Indigenous child welfare bill could be life-changing, says Mi'kmaq confederacy

A new bill that would overhaul the Indigenous child welfare system could be life-changing for First Nation families, says the Mi'kmaq Confederacy of P.E.I.

The federal government introduced Bill C-92 on Thursday. If passed, the legislation would cede jurisdiction on child welfare from other levels of government to Indigenous peoples so that they can care for their own children in a culturally appropriate way.

Marilyn Birch, director of the child and family services program with the Mi'kmaq Confederacy of P.E.I., said "it has been something we have been waiting for for quite some time."

"This could potentially, and I am hoping will, change the lives of children going forward so that we aren't going back and apologizing in future years for things that the government didn't get right," she said.

An Indigenous-led child welfare system is a departure from how the current system works, which leaves most Indigenous kids housed in provincially governed child welfare systems that critics say are inattentive to their unique needs.

52.2% of all children in foster care

While just 7.7 per cent of all Canadian children under 14 are Indigenous, they account for 52.2 per cent of all children in foster care. For privacy reasons, Birch would not say how many Indigenous children on P.E.I. are in foster care.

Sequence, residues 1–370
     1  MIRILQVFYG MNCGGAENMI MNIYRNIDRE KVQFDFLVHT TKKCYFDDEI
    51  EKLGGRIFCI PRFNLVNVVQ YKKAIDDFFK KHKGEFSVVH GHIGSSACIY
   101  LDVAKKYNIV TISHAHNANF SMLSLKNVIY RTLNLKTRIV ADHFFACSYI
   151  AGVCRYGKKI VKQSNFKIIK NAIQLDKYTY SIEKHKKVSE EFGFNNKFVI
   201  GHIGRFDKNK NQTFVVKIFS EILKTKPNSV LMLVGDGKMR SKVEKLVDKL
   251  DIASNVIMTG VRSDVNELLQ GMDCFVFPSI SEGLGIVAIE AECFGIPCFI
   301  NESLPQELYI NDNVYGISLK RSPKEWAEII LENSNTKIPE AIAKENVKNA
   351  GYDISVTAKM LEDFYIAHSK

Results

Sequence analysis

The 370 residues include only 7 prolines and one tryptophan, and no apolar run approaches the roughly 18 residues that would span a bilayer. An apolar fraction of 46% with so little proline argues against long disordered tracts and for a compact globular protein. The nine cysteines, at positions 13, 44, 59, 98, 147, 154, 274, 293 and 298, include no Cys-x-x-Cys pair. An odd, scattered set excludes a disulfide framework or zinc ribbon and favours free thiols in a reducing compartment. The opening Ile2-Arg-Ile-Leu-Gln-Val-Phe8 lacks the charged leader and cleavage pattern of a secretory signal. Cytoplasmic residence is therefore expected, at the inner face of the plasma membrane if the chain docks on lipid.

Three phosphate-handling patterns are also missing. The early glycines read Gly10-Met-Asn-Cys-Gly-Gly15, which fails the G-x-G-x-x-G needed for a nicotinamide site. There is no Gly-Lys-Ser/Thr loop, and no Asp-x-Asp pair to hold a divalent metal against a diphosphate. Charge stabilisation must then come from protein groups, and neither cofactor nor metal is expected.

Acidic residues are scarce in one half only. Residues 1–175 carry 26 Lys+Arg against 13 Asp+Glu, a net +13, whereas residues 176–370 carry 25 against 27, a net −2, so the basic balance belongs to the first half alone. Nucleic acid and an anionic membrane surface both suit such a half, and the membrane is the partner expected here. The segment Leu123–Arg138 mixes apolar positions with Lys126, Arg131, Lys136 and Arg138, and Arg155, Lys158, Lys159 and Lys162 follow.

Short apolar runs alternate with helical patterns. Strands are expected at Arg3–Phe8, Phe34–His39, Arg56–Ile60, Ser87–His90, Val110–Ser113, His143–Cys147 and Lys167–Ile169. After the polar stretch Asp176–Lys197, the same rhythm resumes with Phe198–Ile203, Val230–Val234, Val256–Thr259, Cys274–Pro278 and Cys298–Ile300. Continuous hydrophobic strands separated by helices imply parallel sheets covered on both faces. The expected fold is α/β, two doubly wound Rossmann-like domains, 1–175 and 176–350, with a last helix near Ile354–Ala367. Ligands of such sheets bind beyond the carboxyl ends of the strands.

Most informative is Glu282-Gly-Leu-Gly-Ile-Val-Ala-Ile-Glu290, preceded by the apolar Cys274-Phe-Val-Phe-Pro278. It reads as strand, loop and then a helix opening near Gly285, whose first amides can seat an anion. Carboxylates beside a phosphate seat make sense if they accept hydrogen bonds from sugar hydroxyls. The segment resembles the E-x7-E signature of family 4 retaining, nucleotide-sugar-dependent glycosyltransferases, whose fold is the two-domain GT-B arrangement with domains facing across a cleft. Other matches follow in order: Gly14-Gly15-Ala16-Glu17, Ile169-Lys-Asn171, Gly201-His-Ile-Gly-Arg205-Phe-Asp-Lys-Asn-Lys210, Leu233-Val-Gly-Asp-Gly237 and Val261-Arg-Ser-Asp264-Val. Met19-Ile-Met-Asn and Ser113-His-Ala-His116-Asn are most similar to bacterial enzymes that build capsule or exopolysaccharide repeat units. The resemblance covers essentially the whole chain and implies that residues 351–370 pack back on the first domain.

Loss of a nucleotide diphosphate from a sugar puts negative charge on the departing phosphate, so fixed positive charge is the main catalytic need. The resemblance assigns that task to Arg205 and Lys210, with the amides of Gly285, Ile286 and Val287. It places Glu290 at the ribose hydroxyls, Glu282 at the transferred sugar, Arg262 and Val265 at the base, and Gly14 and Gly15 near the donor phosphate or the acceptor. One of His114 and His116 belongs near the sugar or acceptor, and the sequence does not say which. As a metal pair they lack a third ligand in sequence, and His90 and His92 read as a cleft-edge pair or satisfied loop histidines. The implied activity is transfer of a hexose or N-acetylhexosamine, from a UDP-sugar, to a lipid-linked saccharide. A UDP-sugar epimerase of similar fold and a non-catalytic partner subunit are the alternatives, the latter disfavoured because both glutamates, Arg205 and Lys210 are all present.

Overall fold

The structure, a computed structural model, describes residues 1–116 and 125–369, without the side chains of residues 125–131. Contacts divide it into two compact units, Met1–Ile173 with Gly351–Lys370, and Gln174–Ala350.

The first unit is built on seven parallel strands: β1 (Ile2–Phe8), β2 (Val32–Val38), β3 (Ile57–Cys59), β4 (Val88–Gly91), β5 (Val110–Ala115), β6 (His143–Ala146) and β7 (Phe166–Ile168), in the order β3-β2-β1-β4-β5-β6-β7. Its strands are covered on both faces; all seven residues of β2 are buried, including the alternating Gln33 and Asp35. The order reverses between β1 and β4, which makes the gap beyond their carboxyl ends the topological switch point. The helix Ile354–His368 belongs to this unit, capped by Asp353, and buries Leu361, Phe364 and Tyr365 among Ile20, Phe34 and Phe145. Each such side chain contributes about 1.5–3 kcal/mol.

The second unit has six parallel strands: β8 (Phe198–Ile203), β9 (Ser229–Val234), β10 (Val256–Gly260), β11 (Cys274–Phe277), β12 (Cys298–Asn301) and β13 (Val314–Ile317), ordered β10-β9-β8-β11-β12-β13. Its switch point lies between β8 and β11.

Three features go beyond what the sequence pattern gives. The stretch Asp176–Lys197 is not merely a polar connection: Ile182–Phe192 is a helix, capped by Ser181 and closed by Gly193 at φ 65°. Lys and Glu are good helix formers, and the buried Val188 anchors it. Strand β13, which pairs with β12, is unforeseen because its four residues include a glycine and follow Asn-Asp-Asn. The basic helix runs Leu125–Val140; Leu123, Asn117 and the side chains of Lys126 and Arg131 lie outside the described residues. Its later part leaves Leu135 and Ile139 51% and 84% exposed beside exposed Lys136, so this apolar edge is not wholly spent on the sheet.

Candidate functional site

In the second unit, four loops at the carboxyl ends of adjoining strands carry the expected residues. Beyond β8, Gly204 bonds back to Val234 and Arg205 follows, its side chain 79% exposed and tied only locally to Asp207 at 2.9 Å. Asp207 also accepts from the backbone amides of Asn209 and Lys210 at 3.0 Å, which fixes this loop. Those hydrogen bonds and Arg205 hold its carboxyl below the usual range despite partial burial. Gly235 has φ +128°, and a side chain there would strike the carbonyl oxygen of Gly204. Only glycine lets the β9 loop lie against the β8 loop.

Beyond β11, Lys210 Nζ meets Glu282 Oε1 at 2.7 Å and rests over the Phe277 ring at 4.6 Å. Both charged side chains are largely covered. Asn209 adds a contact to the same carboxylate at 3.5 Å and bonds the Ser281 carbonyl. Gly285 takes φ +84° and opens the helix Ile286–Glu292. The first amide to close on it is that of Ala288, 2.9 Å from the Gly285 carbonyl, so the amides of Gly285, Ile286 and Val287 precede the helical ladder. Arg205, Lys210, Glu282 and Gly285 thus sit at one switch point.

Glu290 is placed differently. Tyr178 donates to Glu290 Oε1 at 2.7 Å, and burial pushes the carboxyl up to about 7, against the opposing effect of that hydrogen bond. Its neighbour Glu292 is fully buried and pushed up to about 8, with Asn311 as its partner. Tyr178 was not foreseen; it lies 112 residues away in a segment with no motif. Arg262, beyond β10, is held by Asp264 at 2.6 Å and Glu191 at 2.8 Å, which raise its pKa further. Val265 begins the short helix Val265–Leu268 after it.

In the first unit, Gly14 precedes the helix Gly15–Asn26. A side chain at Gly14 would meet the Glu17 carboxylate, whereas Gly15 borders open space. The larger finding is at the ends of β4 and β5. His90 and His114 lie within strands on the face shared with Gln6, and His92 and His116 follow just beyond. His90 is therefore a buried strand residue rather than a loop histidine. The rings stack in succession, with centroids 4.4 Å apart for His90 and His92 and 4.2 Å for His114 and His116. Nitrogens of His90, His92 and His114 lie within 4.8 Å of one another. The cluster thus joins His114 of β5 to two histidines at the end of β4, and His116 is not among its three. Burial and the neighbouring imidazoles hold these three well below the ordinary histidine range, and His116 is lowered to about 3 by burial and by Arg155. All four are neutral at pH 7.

While Bill C-92 outlines new governing principles, federal, provincial and Indigenous governments are expected to hash out new child welfare agreements and settle on best practices in each jurisdiction.

We need to see this through but we need to see it through in a way that is good for the First Nations. — Marilyn Birch

Currently on P.E.I., Birch said, the province provides child protection services to all children who live on the Island, while the confederacy program provides prevention and early intervention services for children in families that live on-reserve.

Birch said provincial child protection officials consult with her about cases that might involve First Nations families. Under the new bill, her input could carry more weight.

"One of the things that I am hoping is that when the bill does become official that we would have more authority within the court system around the First Nation rights for making decisions around child welfare."

10 weeks to pass bill

Birch said now she just hopes the bill will be passed. Politicians only have 10 weeks left in the House for the bill to become law.

"There's a lot of work that needs to happen to get this through because with an election and possibly new government we don't know what will happen and this may be stalled and it's really an historic moment," she said.

"We need to see this through but we need to see it through in a way that is good for the First Nations."

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